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I have a simple question on Sobolev space theory. Let $1\le p \le \infty. $How can one prove that $u\in W^{1,p}(1,0)$ is equal s.e. to an absolutely continuous function and that $u'$ exists a.e. and belongs $L^p(0,1)$?

Thank you for your assistance.

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What does equal s.e. mean? Also don't you mean $W^{1,p}(0,1)$? If I'm guessing right, it looks like a basic theorem in Sobolev space theory... –  tomasz Dec 2 '12 at 1:25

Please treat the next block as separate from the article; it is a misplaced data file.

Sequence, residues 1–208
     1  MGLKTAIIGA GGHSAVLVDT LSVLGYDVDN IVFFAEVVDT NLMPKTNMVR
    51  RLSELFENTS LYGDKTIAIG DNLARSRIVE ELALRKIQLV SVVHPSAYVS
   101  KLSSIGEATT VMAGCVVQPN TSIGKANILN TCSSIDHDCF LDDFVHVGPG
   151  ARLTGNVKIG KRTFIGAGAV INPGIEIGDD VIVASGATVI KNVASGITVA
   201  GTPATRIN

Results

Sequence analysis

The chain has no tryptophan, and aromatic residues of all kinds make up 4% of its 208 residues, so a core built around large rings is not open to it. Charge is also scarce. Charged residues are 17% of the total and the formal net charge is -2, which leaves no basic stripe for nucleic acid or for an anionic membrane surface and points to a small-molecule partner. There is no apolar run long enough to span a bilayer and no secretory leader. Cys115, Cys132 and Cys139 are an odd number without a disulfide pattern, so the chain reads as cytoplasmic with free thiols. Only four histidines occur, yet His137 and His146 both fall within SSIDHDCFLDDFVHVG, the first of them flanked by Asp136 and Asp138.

I mean the function can be represented by a function that is a.e. equal to an absolutely continuous function. –  Pooya Dec 9 '12 at 9:16
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1 Answer

Consider the case $p=1$. Take $u\in W^{1,1}(0,1)$ and put $v(t)=u(0)+\int_0^tu'(s)ds$, then $v\in W^{1,1}(0,1)$ and is absolutely continuous. We have $v'=u'$ a.e. so $u=v+c$ a.e.

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Thank you for the answer. The $p=1$ case can be proven by your argument. I still don't know how to prove in general case. –  Pooya Dec 9 '12 at 9:17
    
@Pooya: Just notice that for $p>1$ we have $W^{1,p}\subset W^{1,1}$ and $L^p\subset L^1$ since $(0,1)$ has finite measure. –  Jose27 Dec 9 '12 at 22:40
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